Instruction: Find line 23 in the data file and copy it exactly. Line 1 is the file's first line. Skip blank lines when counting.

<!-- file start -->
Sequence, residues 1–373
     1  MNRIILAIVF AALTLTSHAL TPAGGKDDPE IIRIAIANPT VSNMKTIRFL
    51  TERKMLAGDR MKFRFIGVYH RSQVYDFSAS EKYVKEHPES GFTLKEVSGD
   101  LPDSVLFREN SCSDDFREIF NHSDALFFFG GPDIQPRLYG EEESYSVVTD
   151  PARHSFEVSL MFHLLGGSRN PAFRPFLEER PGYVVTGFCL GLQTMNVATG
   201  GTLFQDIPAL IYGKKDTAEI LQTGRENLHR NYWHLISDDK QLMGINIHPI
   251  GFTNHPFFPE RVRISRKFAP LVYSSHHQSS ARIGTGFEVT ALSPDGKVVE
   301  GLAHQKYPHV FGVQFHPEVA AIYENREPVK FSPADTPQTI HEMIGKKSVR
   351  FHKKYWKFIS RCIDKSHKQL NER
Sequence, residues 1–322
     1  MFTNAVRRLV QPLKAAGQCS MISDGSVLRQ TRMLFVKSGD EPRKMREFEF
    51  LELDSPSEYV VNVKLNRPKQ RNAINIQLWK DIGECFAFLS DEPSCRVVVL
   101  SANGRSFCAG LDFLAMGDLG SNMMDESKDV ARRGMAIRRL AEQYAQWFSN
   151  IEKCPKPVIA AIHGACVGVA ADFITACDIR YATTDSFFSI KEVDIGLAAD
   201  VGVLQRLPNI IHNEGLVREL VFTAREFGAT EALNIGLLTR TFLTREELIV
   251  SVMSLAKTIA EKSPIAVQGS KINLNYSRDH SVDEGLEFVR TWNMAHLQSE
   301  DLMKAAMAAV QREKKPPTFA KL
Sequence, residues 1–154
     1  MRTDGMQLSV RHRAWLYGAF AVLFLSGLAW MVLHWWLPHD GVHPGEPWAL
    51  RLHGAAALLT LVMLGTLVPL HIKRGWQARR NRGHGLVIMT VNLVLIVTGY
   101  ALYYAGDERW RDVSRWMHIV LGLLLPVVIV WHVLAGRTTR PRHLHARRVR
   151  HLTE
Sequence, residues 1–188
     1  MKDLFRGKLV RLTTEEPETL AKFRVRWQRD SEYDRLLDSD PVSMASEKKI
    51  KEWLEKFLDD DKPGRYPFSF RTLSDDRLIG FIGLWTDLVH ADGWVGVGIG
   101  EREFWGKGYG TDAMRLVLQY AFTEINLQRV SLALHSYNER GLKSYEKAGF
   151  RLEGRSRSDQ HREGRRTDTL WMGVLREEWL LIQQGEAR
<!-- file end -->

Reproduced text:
Sequence, residues 1–188